The "London Evening News" said of her: If you believed in fairies you could easily believe that Mrs. Webb was in close touch with the Little People. Marion died in 1930.

'Littlest' Books
The Littlest one (Illustrated by Margaret W. Tarrant - Harrap, 1914)
The Littlest One - his book (Illustrated by M. W. Tarrant and K. Nixon - Harrap, 1923)
The Littlest one again (illustrated by M. W. Tarrant and K. Nixon - Harrap, 1923)
The littlest one - his book and the littlest one again (Illustrated by A. H. Watson - Harrap, 1927)
The Littles one's third book (Harrap, 1928)
The littlest one in between (Harrap, 1929)

'Mr. Papingay' Books
The Little Round House (Illustrated by 'Robin' - S. Paul and Co, 1924)
Mr. Papingay's ship (illustrated by 'Robin' - S. Paul and Co, 1925)
The Little Round House (as 'Mr Papingay and the Little Round house' - Newnes, 1936)
Mr Papingay's caravan (Illustrated by Frank Rogers - Collins, 1929)
Mr Papingay's flying shop (Illustrated by Frank Rogers - Collins, 1931)
Mr Papingay's ship (Newnes, 1936)
The Little Round House (Illustrated by Jean Walmsley Heap - Collins, 1956
Mr. Papingay's ship (Illustrated by Jean Walmsley Heap - Collins, 1957)

Knock three times (Illustrated by Margaret W. Tarrant - Harrap, 1917)
The girls of Chequertrees (Harrap, 1918)
Eliz'beth Phil and Me (Illustrated by Margaret W. Tarratn - Harrap, 1919)
The House with the Twisting Passage (Illustrated by Doris M Palmer - Harrap, 1922)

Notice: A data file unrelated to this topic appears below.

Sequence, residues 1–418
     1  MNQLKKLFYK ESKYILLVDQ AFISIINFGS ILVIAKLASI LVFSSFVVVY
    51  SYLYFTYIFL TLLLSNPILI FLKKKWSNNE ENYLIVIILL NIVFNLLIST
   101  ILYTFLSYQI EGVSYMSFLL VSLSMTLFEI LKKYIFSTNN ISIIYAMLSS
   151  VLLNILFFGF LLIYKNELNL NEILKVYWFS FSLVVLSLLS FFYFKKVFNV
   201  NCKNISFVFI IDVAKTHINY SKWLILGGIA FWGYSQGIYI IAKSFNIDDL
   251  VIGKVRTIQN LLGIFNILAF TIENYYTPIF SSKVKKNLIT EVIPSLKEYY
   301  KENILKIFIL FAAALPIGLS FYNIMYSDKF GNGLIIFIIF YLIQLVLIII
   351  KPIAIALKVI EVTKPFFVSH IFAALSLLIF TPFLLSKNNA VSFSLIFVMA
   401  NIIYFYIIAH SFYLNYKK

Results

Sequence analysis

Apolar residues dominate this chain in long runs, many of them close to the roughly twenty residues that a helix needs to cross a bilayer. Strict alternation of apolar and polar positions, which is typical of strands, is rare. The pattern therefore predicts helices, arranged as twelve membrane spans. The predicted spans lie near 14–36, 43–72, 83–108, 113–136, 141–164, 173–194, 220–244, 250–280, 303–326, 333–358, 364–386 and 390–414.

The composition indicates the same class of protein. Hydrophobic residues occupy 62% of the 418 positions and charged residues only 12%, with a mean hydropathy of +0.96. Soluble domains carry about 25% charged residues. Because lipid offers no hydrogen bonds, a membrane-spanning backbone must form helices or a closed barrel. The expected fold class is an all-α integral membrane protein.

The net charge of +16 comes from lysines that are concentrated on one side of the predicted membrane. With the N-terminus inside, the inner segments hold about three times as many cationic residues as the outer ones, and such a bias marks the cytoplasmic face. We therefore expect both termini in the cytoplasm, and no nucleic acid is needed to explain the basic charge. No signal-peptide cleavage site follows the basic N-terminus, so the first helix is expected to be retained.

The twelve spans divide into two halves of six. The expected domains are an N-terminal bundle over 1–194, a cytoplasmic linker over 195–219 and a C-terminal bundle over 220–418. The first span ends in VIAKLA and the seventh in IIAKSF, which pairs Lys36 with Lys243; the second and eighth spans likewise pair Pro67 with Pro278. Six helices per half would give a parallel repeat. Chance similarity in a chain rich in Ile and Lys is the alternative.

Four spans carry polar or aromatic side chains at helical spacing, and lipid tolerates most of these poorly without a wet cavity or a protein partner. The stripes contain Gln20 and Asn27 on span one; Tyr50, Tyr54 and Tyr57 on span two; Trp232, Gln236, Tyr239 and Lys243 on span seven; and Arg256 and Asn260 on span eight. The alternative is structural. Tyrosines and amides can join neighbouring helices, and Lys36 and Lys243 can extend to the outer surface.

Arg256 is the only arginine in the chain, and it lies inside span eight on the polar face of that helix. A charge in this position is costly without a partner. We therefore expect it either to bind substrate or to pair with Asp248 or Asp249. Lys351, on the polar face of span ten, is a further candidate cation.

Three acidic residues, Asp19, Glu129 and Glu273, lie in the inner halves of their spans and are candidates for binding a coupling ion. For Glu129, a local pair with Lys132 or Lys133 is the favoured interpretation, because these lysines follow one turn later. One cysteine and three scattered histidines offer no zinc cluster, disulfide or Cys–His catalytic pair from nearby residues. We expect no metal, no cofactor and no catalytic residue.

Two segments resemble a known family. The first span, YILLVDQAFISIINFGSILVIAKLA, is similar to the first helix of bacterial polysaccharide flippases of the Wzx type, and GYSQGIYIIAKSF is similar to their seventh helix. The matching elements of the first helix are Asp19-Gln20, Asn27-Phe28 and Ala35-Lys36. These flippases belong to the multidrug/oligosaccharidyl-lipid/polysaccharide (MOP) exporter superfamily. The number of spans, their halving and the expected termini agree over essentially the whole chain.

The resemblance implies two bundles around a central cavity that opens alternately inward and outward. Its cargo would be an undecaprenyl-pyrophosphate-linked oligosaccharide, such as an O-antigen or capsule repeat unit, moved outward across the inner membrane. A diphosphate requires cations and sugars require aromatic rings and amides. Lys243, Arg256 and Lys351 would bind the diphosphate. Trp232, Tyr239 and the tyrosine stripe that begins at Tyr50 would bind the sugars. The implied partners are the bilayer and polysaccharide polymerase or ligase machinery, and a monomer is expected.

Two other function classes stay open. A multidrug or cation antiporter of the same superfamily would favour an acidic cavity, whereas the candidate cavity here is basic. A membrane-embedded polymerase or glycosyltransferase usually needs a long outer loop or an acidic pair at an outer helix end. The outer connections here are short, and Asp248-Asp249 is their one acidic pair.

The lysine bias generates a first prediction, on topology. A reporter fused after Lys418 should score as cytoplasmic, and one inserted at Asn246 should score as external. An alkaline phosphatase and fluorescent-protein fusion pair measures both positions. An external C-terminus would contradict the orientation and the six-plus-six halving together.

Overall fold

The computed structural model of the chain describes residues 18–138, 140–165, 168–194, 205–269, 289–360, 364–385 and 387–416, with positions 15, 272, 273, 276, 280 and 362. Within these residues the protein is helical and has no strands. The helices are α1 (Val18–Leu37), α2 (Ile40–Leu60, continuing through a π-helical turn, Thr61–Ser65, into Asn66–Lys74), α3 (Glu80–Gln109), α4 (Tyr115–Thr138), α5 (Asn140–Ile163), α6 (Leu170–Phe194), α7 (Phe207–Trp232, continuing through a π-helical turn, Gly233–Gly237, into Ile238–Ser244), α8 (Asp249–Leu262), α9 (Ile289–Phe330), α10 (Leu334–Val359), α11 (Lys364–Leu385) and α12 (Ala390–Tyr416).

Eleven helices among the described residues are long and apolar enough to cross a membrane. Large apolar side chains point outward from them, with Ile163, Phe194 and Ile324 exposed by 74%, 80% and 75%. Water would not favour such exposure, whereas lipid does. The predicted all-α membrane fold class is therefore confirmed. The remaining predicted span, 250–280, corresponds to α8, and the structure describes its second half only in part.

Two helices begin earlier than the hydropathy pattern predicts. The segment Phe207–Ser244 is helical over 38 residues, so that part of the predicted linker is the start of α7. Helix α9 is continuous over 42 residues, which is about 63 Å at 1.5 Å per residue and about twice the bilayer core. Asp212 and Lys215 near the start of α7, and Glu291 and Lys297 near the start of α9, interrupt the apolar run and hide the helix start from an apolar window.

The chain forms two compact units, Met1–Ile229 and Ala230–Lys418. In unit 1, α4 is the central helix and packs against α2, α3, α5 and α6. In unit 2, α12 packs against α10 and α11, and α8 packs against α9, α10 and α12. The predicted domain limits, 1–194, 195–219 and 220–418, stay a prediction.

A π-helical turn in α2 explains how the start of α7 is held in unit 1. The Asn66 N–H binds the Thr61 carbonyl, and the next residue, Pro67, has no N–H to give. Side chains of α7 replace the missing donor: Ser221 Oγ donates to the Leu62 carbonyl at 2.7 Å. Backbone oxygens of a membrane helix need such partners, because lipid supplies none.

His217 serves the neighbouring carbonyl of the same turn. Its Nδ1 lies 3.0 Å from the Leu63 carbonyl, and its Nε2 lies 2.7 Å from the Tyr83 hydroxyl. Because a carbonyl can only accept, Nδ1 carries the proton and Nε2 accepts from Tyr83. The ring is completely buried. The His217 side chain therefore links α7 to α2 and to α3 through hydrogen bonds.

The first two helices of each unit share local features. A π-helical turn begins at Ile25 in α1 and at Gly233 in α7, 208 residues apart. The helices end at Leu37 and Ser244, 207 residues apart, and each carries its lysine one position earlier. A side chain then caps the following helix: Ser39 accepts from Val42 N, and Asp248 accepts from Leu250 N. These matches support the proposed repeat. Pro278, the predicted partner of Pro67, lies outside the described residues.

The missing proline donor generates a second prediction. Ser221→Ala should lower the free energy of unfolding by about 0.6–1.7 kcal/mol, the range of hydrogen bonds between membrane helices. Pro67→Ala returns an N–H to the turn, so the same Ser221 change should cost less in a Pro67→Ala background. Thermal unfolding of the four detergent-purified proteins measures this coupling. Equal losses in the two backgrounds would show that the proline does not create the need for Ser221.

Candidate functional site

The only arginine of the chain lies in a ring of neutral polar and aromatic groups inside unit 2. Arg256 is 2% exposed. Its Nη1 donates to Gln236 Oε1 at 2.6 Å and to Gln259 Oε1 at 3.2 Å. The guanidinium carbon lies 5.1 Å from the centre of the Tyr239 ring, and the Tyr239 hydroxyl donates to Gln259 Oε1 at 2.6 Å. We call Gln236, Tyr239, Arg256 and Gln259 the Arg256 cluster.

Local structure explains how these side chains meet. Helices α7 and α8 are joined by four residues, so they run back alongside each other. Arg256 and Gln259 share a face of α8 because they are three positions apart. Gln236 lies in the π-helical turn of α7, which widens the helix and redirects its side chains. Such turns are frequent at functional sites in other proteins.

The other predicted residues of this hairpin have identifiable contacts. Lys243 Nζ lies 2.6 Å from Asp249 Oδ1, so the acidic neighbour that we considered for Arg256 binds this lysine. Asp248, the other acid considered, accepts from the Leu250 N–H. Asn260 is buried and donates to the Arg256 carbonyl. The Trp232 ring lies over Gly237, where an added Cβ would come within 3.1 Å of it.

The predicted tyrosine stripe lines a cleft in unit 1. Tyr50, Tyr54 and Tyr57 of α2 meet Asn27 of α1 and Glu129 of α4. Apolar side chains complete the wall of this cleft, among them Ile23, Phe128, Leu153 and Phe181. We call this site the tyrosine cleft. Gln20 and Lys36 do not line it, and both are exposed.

The magic lamplighter (Illustrated by Margaret w. Tarrant - Medici, 1926)
John and Me and the Dickery dog (Illustrated by A. H. Watson - Harrap, 1930)
Twice Ten (University of Lndon, Press, 1931)

Marion St John Webb also wrote a series of fairy books published in collaboration with Margaret W Tarrant  


  1. The House with the Twisting Passage was one of my favourite books as a child (in the 1970s in Australia). I had my mother's old copy. I had no idea that the author had written so many other books. They sound like something I would have loved. Just found that House with the Twisting Passage is available as a free audio book on Librivox. Will have to listen and see if it is as good as I remember!

    1. Hello Catherine, I hope you enjoy it every bit as much as you did when you were a child. I read the Mr. Papingay books a few years ago and really enjoyed them. It’s wonderful to sink back into that cosy world of childhood and let the cares and worries go. Barbara

  2. I remember a poem from a book that my mother picked up at a book fair more than 50 years ago -- the book was quite old even then. It had a poem, told from the perspective of a little boy, about a "nugly baby" or "nugly little man". At the end of the poem, the little boy reveals that the "nugly baby" is a newborn sibling that the parents have "presented him with", and the little boy is unhappy with the faces and noises that the baby makes, and the amount of attention focused on it (and not on the little boy). The only poet that I can find that ever used the word "nugly" is Marion St John Webb. I'm wondering if you are familiar with the poem and can direct me to which of her books it might be in. Hoping that you might be able to help me.

  3. I remember a poem from when I was little that was from the perspective of a little boy who spoke of a "nugly baby" or nugly little man". The little boy is unhappy with the noises and faces made by the "nugly baby", and the amount of attention that it gets. At the end, he reveals that the "nugly baby" is a new sibling presented to him by his parents. The only poet that I can find that used the word "nugly" is Marion St John Webb. Are you familiar with the poem and which book it might be in? Hoping that you can help!


I really appreciate your comment. Thank you!
Barbara xx